Potential risk

However, energy expert Marcin Roszkowski of the Polish think-tank Jagiellonian Club disagrees. “Now there are reactors that are much smaller, with capacities of 50 and 100 MW,” he told DW. “This is a modular reactor that can be combined. They can spread over a wider area and supply energy to cities and individual factories. “

Photo by Marcin Roszkowski

Polish economist Marcin Roszkowski is a member of the non-partisan Jagiellonian Club

“This will prevent a major nuclear catastrophe,” he said. He explained that the smaller reactor, currently used in nuclear-powered icebreakers, may be commercially available within a few years. In 2019, Polish billionaire Michal Solowow offered to build such a reactor, signing an agreement to cooperate with Japanese-US giant GE Hitachi. Other experts say that Poland’s plans go against the current trend in the EU to move towards gas and renewable energy.

“With current technology, it wouldn’t be difficult to increase the share of renewable energy in the energy mix to 80%. The 20% that was lost was due to the Polish winter, when there was little wind and little sun,” Marcin Popkiewicz, a nuclear physicist at the University. Warsaw, told DW, pointed out that building nuclear power plants is also very expensive. “For customers, the cost of nuclear energy can be five times the cost of renewable energy.”

Lagging behind

The government’s energy strategy includes renewable energy, however slow progress. Their share of the energy mix has stagnated at 14% over the years. This is lower than the EU average of 20% (2020). This could change in 2025 when Poland’s first wind farm on the Baltic coast begins operating. It is slated to reach 8 GW of capacity by 2040.

Wind turbines next to a village in Poland

Poland’s renewable energy sector is stagnating

The main problem facing the government is how to stop the use of black coal, which currently accounts for 50% of the energy mix. It will continue to be mined until at least 2050. More than 100,000 jobs depend on the sector, which is why the government is hesitant to close the mine pits.

Paradoxically, nuclear energy, which is “clean” in terms of CO2 emissions, can slow the process even further. If Poland’s CO2 emissions drop due to nuclear power plants, the pressure from the EU will decrease to reduce coal production.

The Laziska fossil-fueled power station is covered in snow

For now, fossil fuels are the largest contributor to Poland’s energy supply

Germany wants to stay informed

Poland’s plans are already causing resentment in neighboring Germany. According to an expert report commissioned by the Green Party parliamentary faction in Germany’s Bundestag in January, Poland’s nuclear power plant, only a few hundred kilometers from the German border, would pose a high risk to the population.

“Experts evaluate everything based on weather data for the last three years. There is a 20% chance that Germany will be affected by an accident at a planned nuclear power plant,” the chairman of the Bundestag Environment Committee, Ursula Kotting-Uhl, said DW. “In the worst case scenario, 1.8 million Germans will be exposed to radiation from more than 20 milisieverts. At that rate, we have to start evacuating. Berlin and Hamburg could be affected, which are densely populated.”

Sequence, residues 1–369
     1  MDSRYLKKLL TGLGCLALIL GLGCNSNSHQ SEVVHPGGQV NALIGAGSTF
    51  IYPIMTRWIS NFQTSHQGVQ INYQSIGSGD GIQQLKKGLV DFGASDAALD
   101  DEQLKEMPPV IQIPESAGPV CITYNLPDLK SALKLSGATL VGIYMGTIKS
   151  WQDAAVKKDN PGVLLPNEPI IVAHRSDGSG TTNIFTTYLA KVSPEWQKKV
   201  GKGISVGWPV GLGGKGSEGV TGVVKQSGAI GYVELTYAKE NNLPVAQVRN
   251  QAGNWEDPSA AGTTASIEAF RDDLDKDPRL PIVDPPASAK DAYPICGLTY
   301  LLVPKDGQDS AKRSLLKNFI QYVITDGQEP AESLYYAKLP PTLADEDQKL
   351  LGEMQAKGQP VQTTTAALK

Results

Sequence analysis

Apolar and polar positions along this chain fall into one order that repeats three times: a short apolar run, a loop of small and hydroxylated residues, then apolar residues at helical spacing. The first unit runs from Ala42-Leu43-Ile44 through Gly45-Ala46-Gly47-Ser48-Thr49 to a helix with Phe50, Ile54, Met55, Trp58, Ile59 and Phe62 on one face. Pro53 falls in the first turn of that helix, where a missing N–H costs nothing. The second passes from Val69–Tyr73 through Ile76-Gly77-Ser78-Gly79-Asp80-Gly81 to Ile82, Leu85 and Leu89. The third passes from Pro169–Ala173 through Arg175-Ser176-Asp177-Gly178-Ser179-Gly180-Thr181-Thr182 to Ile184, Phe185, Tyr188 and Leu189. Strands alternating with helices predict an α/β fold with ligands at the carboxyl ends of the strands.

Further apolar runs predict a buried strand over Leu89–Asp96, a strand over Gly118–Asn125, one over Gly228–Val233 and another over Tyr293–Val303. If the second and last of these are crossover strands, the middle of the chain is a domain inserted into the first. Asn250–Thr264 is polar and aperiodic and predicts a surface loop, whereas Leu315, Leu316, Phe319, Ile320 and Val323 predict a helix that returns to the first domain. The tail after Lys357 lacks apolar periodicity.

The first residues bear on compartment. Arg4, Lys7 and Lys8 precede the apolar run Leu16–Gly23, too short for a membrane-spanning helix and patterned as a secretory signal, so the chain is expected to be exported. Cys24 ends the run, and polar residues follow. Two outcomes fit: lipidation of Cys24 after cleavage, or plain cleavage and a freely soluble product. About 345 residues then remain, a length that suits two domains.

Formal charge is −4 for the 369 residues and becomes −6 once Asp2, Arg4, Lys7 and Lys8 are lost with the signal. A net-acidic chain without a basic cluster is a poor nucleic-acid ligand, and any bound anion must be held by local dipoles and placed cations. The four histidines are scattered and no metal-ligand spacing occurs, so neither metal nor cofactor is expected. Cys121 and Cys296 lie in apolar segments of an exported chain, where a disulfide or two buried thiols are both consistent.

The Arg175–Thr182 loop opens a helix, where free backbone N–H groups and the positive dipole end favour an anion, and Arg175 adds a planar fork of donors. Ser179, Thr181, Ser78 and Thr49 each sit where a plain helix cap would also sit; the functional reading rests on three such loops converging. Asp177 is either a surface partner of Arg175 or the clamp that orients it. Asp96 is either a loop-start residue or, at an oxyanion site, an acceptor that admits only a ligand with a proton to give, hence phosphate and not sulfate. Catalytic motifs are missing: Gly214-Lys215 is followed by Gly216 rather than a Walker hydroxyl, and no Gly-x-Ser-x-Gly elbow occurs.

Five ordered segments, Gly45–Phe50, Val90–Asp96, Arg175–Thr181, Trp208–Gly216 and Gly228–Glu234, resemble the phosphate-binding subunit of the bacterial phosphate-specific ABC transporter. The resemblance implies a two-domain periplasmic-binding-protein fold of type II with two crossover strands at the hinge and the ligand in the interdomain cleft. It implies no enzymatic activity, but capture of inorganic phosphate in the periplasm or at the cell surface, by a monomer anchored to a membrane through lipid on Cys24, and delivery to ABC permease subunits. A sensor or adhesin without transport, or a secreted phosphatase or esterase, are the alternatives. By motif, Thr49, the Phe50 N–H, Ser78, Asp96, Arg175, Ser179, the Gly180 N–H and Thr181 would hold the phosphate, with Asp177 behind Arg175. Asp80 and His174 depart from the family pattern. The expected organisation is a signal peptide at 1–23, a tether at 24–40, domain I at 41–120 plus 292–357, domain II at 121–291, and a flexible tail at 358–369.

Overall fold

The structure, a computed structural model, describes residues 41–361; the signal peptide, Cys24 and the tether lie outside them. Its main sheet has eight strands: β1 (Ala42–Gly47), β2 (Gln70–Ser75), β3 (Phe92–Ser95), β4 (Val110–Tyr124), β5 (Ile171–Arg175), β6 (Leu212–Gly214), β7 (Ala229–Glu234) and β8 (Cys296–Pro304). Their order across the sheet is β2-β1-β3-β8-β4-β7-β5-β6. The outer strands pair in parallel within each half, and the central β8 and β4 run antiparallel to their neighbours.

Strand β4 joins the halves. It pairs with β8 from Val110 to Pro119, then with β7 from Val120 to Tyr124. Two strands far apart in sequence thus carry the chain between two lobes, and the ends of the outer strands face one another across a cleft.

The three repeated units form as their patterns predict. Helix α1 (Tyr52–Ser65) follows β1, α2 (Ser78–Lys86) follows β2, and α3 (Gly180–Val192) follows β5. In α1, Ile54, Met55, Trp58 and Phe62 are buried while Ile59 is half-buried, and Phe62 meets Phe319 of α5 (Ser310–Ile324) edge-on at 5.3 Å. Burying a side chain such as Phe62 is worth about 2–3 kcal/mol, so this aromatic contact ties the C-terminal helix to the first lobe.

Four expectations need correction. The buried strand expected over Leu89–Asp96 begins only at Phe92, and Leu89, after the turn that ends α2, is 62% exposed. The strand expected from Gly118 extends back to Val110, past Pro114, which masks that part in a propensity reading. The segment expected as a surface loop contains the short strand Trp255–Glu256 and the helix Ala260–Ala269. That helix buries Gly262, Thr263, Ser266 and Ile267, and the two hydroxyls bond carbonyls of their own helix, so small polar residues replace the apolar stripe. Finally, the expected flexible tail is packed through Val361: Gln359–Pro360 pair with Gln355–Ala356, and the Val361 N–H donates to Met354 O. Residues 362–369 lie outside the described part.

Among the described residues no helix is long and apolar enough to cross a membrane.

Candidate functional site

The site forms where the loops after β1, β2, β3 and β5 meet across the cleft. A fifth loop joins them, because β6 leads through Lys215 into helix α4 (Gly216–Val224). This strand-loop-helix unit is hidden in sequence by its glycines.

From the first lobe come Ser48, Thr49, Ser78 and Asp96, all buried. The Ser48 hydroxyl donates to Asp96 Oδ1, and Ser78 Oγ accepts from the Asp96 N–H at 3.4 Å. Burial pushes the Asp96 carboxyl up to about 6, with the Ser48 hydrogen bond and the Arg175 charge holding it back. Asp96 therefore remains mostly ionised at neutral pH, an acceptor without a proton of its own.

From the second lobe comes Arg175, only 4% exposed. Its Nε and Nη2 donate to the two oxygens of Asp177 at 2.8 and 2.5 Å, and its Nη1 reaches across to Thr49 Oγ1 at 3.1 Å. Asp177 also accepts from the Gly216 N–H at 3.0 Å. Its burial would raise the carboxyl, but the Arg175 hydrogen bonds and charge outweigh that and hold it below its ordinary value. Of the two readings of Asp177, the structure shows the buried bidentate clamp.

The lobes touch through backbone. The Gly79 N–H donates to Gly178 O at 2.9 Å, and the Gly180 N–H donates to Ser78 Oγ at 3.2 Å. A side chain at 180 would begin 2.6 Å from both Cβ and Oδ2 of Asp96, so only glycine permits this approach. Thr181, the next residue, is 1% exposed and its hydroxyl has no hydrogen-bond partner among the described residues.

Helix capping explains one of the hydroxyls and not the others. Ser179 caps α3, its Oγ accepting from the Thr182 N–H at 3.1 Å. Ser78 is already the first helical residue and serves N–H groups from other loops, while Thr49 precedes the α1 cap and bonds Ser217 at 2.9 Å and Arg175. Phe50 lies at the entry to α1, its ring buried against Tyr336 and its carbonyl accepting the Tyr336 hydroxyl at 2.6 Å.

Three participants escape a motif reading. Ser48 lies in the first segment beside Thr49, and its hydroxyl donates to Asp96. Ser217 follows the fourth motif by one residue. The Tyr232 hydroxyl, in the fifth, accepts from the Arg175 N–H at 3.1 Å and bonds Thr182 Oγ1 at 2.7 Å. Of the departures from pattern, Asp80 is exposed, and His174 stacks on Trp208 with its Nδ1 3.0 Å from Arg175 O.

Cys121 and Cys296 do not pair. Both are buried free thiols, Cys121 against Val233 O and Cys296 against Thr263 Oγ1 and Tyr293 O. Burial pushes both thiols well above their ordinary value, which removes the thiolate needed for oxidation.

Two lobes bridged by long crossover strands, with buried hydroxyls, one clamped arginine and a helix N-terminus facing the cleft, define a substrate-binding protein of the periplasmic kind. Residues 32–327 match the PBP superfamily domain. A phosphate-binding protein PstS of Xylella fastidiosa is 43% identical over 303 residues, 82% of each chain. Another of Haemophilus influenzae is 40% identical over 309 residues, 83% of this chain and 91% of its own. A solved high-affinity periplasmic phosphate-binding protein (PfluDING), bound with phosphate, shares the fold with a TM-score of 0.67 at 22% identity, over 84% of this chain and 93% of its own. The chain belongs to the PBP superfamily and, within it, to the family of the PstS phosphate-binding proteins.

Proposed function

Poland’s Ministry of Climate and Environment insists that an environmental impact assessment has been carried out.

Germany wants to stay involved in Poland’s nuclear energy plans. “For the government, it is imperative that if Poland starts producing nuclear energy it ensures the highest possible level of security, radiation protection and security for neighboring countries that are potentially directly affected,” read a statement provided to DW by Germany. Ministry of Environment. He added that in the event of a potentially significant impact on their affairs or environment, states have an internationally binding right to be informed and heard.

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Germany is spending six billion euros on improving housing energy efficiency | Instant News


FILE PHOTO: German Economy Minister Peter Altmaier holds a press conference to present the government’s economic fall projections, amidst the coronavirus disease (COVID-19) outbreak, in Berlin, Germany 30 October 2020. REUTERS / Michele Tantussi / Pool

BERLIN (Reuters) – Germany supports measures to improve energy efficiency in buildings, with subsidies and incentives worth 6 billion euros ($ 7.2 billion) this year, the economy minister said on Monday.

The measures supported by the federal government include programs to modernize existing buildings with better insulation and a more efficient heating system, said Peter Altmaier.

“The building sector is an important factor if we are to be successful in the energy transition,” he said in an online conference organized by the economy ministry.

The push will help the housing sector in Europe’s most populous nation move towards its goal of becoming climate neutral by 2050, and thereby enable Germany to achieve broader climate protection targets over the next three decades.

However, the impetus for modernization could increase the cost of living of Germans because, according to law, landlords could cover the investment costs by raising the rent.

Parties in Chancellor Angela Merkel’s coalition government are currently arguing over whether to protect tenants from massive rents by forcing landlords to shoulder a certain portion of modernization investment.

($ 1 = 0.8318 euros)

Reporting by Michael Nienaber; Edited by Pravin Char